There are lots of different characteristics in wine that are barrel derived and vanilla is in the top five, which is why you see it so often. Other common flavors/aromas: Coconut, caramelized character, smoke, coffee, spice (especially clove), nuttiness, dill (especially American oak), tobacco… 

We can never be 100% sure that any of these characteristics are barrel derived. For instance, spiciness may be barrel derived but some grape varieties are inherently spicy: Zinfandel, Gewurztraminer and Syrah come to mind. Hay and tobacco aromas may come from the barrel, but Sauvignon Blanc and Chenin Blanc display those characteristics whether they’re barrel aged or not.

I think that’s part of the fun. For everything we think we know there is an equal number of mysteries – especially when it comes to fermentation aromas. 

Hope that helps. Cheers!

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How To Taste: Smelling the Wine

Maybe you’ve laughed when you’ve seen someone in a tasting a room walking around with his nose stuck in the glass. OK – fair enough – it looks pretty silly. But, sometimes a wine is so good that smelling it is almost enough. I said almost

Don’t knock it ’til you’ve tried it. Since smell is taste, nosing the wine (checking out the way it smells) can be ever so pleasurable and it also gives you an idea of what to expect from the flavors.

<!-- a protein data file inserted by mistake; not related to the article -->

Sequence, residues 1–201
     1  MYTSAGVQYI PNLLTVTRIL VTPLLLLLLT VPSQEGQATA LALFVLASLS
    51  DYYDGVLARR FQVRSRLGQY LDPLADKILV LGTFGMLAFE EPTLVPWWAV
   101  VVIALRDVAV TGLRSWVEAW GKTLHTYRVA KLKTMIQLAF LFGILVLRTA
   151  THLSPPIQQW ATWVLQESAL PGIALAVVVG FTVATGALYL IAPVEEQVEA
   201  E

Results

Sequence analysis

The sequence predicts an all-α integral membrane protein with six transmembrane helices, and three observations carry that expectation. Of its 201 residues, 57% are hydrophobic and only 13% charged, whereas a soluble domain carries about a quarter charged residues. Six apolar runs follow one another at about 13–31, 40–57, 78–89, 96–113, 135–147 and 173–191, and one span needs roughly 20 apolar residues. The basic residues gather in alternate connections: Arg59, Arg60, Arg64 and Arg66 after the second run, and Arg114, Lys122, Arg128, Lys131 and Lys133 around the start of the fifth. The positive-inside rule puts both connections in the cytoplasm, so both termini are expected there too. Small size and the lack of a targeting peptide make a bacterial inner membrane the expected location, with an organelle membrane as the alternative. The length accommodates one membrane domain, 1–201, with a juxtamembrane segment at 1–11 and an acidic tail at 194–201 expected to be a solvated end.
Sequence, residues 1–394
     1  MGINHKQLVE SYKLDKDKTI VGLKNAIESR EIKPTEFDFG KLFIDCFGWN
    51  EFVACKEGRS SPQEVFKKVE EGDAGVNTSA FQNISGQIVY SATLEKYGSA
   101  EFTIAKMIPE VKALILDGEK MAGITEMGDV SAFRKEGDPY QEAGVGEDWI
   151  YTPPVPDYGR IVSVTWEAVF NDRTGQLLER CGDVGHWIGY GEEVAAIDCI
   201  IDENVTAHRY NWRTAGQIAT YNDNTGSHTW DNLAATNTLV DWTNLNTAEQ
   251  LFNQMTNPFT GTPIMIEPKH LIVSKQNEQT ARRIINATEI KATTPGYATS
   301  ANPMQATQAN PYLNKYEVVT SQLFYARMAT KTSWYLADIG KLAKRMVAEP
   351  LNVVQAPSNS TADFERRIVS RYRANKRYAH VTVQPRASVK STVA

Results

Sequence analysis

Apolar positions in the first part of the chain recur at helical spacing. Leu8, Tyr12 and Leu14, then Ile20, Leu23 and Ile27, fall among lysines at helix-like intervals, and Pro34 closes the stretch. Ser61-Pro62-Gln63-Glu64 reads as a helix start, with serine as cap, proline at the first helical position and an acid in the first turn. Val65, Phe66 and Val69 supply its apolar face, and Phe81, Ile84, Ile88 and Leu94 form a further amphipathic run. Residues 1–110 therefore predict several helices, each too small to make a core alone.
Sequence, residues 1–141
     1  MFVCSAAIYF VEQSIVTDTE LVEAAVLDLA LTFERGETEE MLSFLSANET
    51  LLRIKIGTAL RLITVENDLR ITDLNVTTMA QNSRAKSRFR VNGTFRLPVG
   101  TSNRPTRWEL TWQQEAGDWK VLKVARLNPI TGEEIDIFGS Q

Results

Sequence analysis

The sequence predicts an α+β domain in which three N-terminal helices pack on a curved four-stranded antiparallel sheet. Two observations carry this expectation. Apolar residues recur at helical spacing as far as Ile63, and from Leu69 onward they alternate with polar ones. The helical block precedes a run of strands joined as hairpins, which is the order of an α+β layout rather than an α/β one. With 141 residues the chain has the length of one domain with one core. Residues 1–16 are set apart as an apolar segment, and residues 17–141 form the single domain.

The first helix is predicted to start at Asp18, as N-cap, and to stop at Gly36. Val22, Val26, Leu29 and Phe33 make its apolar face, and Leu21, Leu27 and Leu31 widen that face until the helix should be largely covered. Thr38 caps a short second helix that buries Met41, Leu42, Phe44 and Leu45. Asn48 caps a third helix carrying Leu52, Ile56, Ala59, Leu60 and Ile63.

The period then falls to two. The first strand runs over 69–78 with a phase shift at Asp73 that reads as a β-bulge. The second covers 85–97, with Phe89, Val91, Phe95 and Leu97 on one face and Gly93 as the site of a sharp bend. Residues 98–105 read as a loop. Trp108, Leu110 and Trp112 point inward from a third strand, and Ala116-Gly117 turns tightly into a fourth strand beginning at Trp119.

So, we’ve already gone over why you want to swirl the wine. And we’ve talked about the benefit of using a wine aroma wheel or something like it. 


OK, give the wine a good, vigorous swirl for several seconds and pop your nose in the glass (no long-distance sniffing). First and foremost, does it smell good? Every other consideration pales in importance to this! What do you smell? Is it a fresh smell or a rich smell? Have you smelled a wine with a stronger fragrance before? Or less fragrant? You’re beginning to gage aromatic intensity.  Continue reading

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The Wine Just Smells Like Wine To Me…

Question from Jim: How do you learn to pick out the different aromas in wine? My friends describe things like strawberry or vanilla, but it just smell like wine to me. 

Reply: You know, Jim, you have a lot of company! I’ve done countless tasting seminars in my career and when I start asking for descriptors folks tend to clam up. They’re afraid their perceptions are “wrong” (which is impossible – your perception is your perception). Or, the brave members of the group will look me straight in the eye and say “It smells like wine.” 

Bravo for them! That takes some courage. It seems we all think we’re supposed to shoot out of the womb as wine experts.

People like me get so caught up in fruity, floral and barrel-derived characteristics that we forget how overwhelming fermentation aromas are. And, fermentation is what makes wine smell like wine. How to get past them? Practice. 

Becoming a perceptive taster is just like developing a good golf swing. It comes with practice and gives you pleasure. Without the second half of that sentence, the first is pointless. Since wine’s only purpose is to give us pleasure, if it’s not fun for you, don’t bother.  Continue reading